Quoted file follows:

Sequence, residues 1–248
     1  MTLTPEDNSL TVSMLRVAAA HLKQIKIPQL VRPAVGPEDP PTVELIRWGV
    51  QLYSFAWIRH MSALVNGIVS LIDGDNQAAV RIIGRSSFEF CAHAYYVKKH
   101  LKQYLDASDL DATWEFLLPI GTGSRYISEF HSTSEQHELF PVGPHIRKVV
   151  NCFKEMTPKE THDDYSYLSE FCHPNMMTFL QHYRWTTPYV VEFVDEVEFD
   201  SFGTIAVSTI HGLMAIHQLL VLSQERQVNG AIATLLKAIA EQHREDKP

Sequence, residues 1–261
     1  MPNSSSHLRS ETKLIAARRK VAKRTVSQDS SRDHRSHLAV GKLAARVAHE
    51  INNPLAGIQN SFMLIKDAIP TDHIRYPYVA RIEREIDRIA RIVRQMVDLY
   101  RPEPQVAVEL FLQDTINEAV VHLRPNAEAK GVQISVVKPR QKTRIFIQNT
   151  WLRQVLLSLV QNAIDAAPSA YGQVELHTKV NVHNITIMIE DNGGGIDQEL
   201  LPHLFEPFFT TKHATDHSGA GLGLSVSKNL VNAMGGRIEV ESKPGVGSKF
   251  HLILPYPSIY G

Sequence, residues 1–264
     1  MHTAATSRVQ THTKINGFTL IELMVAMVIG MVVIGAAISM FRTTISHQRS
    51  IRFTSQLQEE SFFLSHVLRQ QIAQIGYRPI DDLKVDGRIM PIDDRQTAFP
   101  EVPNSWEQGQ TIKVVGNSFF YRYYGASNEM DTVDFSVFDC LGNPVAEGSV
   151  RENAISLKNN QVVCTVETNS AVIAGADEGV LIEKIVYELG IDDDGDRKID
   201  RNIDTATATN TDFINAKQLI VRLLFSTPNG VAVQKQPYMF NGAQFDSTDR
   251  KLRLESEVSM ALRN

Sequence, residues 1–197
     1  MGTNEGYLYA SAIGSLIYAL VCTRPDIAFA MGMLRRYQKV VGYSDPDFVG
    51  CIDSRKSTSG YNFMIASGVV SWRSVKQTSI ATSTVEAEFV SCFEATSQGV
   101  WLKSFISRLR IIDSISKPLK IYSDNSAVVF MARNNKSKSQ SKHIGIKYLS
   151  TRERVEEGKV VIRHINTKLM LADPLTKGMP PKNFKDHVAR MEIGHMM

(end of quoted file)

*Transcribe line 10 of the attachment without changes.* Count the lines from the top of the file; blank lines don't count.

   101  RPEPQVAVEL FLQDTINEAV VHLRPNAEAK GVQISVVKPR QKTRIFIQNT